Ex-lawyer turned relationship coach

It’s Not Beyond Reasonable Doubt

A 2014 study suggests that at least 4.1% of all people sentenced to death in the US are innocent. That’s a disturbingly high number. What’s even more disturbing is that every one of these people got put on death row by a jury who knew beyond reasonable doubt that the defendant was guilty.

‘Beyond a reasonable doubt’ requires the highest possible level of proof.

To put that into perspective, imagine the following.

You just left your house to go to a ballgame and brought everything you need with you: phone, wallet keys, tickets. As you pull out of the driveway, you hit the brakes and reach inside your coat pocket.

The ballgame tickets are still there, right where you left them a moment ago.

Although you KNEW you put the tickets inside your coat, you still checked because you didn’t want to reach the stadium empty handed.

That teensy shred of doubt does not qualify as ‘beyond reasonable doubt.’

Why then are courtrooms always filled with suspense when the jury enters the room with their final verdict?

If you have to be more sure about the defendant’s guilt than the whereabouts of your ballgame tickets, surely everyone inside the courtroom would know exactly what was coming.

Yet if you watch any high profile case, the jury’s verdict always leads some people to sigh with relief and others to howl in disgust. Even the people that spent just as much time in court as the jury—the judge, lawyers, deputy, and courtroom reporter—will be just as surprised about the jury’s verdict as the rest.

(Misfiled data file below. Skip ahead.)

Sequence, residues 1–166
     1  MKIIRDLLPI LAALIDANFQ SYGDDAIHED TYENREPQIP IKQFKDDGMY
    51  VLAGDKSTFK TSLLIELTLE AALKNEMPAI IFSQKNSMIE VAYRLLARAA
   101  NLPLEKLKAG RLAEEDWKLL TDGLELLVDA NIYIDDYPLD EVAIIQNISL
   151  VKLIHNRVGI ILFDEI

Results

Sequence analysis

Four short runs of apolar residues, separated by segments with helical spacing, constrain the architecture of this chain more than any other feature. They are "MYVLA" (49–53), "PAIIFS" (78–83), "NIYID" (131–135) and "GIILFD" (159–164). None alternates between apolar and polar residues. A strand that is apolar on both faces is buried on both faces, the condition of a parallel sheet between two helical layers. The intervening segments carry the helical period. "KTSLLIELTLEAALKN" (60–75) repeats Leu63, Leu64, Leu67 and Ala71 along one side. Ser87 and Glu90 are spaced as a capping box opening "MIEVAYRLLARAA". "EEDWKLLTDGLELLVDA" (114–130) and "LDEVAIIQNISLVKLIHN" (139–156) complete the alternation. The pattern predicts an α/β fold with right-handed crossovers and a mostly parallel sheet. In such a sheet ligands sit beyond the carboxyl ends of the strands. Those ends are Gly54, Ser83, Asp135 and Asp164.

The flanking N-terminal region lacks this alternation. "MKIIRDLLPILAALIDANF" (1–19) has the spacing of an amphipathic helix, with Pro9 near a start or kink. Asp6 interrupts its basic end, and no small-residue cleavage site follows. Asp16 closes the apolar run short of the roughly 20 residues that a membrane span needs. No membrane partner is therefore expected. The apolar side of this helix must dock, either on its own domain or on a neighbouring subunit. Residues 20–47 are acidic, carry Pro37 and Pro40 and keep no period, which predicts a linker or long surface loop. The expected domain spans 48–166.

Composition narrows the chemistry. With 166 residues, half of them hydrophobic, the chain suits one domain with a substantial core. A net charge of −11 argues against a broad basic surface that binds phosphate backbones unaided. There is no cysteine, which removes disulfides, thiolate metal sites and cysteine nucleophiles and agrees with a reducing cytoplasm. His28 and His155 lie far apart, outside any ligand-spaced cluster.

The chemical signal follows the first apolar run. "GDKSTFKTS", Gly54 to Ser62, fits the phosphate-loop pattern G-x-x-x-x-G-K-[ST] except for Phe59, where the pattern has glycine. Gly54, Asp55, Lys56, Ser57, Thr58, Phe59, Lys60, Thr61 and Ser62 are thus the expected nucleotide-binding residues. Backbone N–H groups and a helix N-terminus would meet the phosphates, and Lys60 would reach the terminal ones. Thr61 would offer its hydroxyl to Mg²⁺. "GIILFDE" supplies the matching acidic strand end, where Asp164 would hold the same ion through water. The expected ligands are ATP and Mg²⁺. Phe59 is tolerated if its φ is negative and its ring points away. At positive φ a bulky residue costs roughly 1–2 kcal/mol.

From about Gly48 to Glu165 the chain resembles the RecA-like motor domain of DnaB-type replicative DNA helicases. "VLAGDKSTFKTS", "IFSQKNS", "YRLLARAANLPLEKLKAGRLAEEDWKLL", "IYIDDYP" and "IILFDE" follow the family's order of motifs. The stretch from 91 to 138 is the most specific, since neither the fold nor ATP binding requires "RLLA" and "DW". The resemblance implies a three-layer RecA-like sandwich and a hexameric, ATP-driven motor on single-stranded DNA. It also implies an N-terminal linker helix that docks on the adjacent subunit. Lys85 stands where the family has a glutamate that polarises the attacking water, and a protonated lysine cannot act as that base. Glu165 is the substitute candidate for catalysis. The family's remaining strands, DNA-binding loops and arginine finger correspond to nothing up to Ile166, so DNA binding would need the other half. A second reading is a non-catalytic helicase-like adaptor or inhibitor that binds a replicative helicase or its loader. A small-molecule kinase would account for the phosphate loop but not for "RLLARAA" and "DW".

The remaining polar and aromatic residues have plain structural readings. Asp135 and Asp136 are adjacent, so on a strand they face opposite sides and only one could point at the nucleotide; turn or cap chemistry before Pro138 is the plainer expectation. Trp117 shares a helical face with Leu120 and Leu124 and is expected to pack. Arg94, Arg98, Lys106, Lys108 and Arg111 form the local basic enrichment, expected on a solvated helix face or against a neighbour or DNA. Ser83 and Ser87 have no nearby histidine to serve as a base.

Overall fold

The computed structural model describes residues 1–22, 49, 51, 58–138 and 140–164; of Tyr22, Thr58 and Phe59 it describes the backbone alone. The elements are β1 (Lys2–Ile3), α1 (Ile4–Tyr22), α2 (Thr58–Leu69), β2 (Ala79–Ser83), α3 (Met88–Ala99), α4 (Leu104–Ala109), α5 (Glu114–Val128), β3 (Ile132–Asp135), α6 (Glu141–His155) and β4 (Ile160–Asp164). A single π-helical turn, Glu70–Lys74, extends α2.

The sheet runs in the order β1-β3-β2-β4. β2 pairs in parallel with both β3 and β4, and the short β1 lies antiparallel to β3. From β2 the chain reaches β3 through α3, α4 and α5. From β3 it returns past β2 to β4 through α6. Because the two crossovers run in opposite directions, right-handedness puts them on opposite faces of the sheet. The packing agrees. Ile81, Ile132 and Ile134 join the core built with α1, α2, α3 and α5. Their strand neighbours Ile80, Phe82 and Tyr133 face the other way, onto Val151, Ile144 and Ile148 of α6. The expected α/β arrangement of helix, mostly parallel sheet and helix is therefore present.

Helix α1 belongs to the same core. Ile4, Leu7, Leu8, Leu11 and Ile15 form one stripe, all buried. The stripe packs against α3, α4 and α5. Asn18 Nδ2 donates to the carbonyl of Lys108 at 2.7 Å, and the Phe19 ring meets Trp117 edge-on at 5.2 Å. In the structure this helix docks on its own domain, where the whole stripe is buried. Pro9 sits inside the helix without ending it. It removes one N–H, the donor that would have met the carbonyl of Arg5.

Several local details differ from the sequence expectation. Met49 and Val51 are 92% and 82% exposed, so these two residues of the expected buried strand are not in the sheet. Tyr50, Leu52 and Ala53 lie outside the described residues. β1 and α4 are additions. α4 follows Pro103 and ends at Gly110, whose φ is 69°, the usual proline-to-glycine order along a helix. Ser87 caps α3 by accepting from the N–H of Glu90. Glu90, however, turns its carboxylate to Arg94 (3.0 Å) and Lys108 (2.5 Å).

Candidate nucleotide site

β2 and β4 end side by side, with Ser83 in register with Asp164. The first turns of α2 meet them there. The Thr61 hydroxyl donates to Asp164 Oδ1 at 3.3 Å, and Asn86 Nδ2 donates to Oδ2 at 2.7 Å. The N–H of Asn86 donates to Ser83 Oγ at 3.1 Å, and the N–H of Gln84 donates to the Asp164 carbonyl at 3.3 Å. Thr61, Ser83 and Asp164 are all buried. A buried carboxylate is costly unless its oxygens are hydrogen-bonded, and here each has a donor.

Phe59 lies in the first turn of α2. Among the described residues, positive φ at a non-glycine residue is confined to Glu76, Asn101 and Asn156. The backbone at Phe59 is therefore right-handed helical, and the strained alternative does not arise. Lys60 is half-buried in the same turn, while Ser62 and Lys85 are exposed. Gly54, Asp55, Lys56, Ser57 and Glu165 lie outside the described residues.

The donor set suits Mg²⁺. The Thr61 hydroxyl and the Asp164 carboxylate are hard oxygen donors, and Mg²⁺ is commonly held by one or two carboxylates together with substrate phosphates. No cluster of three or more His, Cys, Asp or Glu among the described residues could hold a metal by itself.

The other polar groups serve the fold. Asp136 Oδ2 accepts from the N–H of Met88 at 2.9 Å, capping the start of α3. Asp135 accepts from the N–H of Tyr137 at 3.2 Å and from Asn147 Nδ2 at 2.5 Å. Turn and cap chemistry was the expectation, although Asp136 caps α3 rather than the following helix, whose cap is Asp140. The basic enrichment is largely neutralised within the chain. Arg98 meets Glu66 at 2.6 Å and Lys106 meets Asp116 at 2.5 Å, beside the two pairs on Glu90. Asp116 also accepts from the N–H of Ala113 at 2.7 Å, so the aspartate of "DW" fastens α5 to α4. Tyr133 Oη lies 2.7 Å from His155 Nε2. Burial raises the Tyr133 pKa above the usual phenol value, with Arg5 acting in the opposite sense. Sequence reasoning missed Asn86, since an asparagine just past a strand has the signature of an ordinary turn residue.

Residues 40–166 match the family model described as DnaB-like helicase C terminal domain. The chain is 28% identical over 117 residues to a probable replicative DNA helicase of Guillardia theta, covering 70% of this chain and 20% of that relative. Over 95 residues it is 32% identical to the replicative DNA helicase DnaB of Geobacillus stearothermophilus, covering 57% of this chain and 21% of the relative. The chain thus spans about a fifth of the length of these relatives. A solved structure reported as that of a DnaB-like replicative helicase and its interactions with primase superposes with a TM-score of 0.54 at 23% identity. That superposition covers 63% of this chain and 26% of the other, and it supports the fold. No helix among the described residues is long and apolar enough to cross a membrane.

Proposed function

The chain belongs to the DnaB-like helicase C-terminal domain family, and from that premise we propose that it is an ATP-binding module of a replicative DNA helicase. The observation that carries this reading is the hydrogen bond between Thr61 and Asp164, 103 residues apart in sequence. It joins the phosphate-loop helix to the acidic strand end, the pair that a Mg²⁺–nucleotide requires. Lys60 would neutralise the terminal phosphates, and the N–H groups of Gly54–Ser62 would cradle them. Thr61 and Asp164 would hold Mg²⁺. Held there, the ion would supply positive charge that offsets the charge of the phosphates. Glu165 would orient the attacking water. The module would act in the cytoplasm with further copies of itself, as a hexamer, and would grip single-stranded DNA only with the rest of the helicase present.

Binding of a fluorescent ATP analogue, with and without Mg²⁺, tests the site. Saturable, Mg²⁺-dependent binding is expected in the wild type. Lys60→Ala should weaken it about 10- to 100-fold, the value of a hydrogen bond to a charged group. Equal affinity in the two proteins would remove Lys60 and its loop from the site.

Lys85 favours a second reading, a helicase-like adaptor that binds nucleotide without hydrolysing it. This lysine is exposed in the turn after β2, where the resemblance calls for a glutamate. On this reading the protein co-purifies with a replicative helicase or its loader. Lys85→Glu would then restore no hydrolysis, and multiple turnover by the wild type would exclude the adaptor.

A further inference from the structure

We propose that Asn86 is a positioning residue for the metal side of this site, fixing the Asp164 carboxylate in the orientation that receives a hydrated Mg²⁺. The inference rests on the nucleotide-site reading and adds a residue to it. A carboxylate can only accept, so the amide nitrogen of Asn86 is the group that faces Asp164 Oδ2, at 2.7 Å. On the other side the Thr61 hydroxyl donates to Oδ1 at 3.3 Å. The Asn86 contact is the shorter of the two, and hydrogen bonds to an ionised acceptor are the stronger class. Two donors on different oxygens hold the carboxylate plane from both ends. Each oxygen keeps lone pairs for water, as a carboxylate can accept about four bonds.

How can this be if it’s beyond reasonable doubt?

Because it’s malarkey.

If courtrooms had two juries to observe the case at the same time and come up with independent verdicts, the two juries ought to reach the same conclusion. Yet we all know that wouldn’t be a guarantee.

Take the O.J. Simpson trial. 

Witnesses saw him at the murder scene, blood of the victims was found on and inside his car, a glove with one of the victim’s blood on it was found near his home, Simpson tried to escape the police on the day of his arrest which ended in a two-hour long car chase, and he changed alibis halfway through the trial.

Every half-decent jury would find him guilty. Yet the jury that went over his case didn’t.

That’s because the phrase ‘beyond reasonable doubt’ doesn’t mean what it says.

By Jeroen Elsing
Ex-lawyer turned relationship coach